The arts of Southeast Asia are intimately tied with the local religion and culture. Each country draws from the region’s abundant natural riches – gold, precious metals, natural pigments and clay – to create cultural treasures without compare. While some cultures share some artistic ties based on their common religious roots, each country’s art is uniquely its own.
Cambodia has a long tradition of artisans, dating back to the height of the Khmer Empire under Jayavarman II in the 800s AD. Not even the political turmoil of the 1970s could extinguish Cambodia’s community of artists, who now do brisk business in Phnom Penh, Siem Reap and Battambang.
In the present day, Cambodian artists and artisans produce work that is deeply rooted in traditional Khmer culture, but touched by outside influences as well. Casual art collectors and tourists can find plenty of affordable examples of Khmer art in Psah Chas (Old Market) and the Night Market.
Serious collectors, though, head to Battambang. This city has long been Cambodia’s centre for arts and culture, and is presently undergoing an art renaissance with dozens of art galleries covering styles from traditional to avant-garde.
Thailand’s capital Bangkok is a hotbed for contemporary Southeast Asian art. Without leaving the city, you’ll find a wealth of art galleries, artisan shops and museums, ranging from the National Gallery’s collection of traditional and modern Thai art; the artists’ community at Thonburi’s Khlong Bang Luang near the Bang Luang Market on the banks of the Chao Phraya River; and an assemblage of antique art galleries along Charoen Krung Road.
You’ll also find a number of artisans’ villages hidden along Bangkok’s scruffier areas – visit to see centuries-old techniques kept alive by dedicated artisans. Baan Bat, for one, is famous for producing the alms bowls used by Buddhist monks; Baan Krua is home to Bangkok’s best silk weavers; and Baan Bu produces magnificent bronze bowls and other metalworks worth taking home.
Indonesia. The Balinese town of Ubud is synonymous with art. The hereditary lords of Ubud have, over generations, extended their patronage to Bali’s artists and artisans. Their livelihoods secure, the artists repaid the lords’ generosity with a flowering of expression through sculpture, painting and dance.
Today, many of Ubud’s arts can be found concentrated where Jalan Monkey Forest connects with Ubud Main Road; at this intersection stands the Royal Palace, where traditional Balinese dance performances take place in the evenings; and the Art Market, where tourists go to find affordable artwork to bring home.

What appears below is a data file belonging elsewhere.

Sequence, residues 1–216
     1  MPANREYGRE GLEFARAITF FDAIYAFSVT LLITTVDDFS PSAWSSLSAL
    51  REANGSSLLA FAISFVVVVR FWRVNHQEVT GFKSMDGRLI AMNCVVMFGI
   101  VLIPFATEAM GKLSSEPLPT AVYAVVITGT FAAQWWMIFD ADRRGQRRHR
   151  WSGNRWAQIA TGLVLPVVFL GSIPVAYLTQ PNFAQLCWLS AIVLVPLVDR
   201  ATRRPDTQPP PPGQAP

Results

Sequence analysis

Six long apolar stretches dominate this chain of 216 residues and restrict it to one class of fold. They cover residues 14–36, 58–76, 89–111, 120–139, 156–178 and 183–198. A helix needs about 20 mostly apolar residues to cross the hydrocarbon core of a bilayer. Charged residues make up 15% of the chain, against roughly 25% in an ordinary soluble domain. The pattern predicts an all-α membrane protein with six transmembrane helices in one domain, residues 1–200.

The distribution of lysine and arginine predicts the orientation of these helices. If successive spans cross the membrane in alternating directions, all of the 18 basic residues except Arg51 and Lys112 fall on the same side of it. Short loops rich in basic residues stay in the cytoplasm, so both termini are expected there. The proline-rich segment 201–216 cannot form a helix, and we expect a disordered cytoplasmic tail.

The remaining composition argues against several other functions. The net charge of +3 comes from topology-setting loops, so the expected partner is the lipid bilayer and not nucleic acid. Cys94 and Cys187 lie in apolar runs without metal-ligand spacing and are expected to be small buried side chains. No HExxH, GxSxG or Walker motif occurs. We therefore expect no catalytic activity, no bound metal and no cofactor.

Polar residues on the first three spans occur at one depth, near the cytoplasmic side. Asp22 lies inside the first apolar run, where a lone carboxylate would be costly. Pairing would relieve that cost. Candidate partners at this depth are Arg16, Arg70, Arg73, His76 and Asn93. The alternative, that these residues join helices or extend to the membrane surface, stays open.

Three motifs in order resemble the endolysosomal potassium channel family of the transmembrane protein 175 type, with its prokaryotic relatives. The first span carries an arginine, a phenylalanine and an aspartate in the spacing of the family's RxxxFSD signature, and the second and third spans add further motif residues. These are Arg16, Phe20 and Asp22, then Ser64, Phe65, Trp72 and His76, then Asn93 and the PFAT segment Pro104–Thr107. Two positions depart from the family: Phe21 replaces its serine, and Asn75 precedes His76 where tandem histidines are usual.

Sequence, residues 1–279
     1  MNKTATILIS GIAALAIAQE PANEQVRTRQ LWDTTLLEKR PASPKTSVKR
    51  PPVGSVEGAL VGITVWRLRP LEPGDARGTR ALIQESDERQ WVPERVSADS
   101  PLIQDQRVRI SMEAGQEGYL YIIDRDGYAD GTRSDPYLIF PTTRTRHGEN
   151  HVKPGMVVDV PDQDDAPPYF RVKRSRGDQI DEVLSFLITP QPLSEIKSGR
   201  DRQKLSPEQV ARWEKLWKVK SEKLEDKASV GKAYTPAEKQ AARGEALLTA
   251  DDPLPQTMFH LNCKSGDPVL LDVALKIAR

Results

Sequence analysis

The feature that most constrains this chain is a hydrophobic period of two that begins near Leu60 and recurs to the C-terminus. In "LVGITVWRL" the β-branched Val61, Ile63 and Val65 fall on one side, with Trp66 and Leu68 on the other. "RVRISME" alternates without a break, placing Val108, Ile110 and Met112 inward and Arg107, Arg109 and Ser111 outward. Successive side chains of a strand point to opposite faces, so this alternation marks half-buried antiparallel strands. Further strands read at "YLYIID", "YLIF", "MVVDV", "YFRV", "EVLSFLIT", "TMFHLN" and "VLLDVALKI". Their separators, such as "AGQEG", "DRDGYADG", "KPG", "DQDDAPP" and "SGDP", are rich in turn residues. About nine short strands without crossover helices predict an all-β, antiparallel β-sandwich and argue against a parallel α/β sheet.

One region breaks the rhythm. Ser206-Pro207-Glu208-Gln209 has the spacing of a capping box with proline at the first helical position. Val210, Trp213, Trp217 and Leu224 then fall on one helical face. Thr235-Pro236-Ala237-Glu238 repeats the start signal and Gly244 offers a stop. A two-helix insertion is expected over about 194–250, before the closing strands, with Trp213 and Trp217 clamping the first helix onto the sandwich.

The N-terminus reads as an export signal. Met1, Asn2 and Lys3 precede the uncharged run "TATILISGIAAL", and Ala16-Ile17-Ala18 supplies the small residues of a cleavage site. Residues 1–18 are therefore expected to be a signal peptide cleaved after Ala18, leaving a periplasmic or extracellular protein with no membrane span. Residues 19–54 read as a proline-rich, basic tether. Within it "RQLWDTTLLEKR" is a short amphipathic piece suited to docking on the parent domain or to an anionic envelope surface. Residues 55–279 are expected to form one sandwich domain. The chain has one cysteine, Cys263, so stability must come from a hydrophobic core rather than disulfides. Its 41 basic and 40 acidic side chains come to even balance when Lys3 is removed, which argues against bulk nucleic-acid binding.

You need not walk far from this intersection to find Ubud’s more upscale museums and art galleries, which sell high-end artwork for discerning collectors. Start with a look at Ubud’s rich art history: visit the Museum Puri Lukisan on the Main Road with its magnificent collection of Ubud modern art.
Singapore places its art out where the public can see them. Visitors can walk along suggested “art trails” in the Civic District, Orchard Road and Marina Bay, where examples of modern art stand in public view, created by some of the world’s most renowned artists (Fernando Botero and Roy Lichtenstein ring a bell?).
The island-state’s art galleries and museums also show collections worthy of a nation that invests in its culture as much as it does on its industry. Prominent galleries include the ArtScience Museum next to the Marina Bay Sands; the Singapore Art Museum and its collection of contemporary Singaporean art; the Singapore Pinacothéque de Paris, which showcases international fine art and offers a unique voice in the history and culture of the region’s visual arts landscape; and the National Art Gallery, opening in late 2015 and soon to be Singapore’s largest museum bar none.
Myanmar calls its traditional arts the nation’s “Ten Flowers”, the ultimate expression of Myanmar’s tradition and culture. Artifacts from these ten disciplines can be found in any city, particularly among the temples that dot the countryside: bronzeworks, goldsmiths, ironworks, stone sculpture, lacquerware and stucco decorate stupas and temples everywhere you look.
The workshops for all these crafts are generally located far from tourists’ prying eyes, with the exception of lacquerware. Visit Myinkapar Village near Bagan and you’ll find lacquerware shops side by side along the road, each selling traditional lacquer bowls, plates and boxes of exceedingly high quality. Most of the better shops are glad to show you how their wares are made on the spot.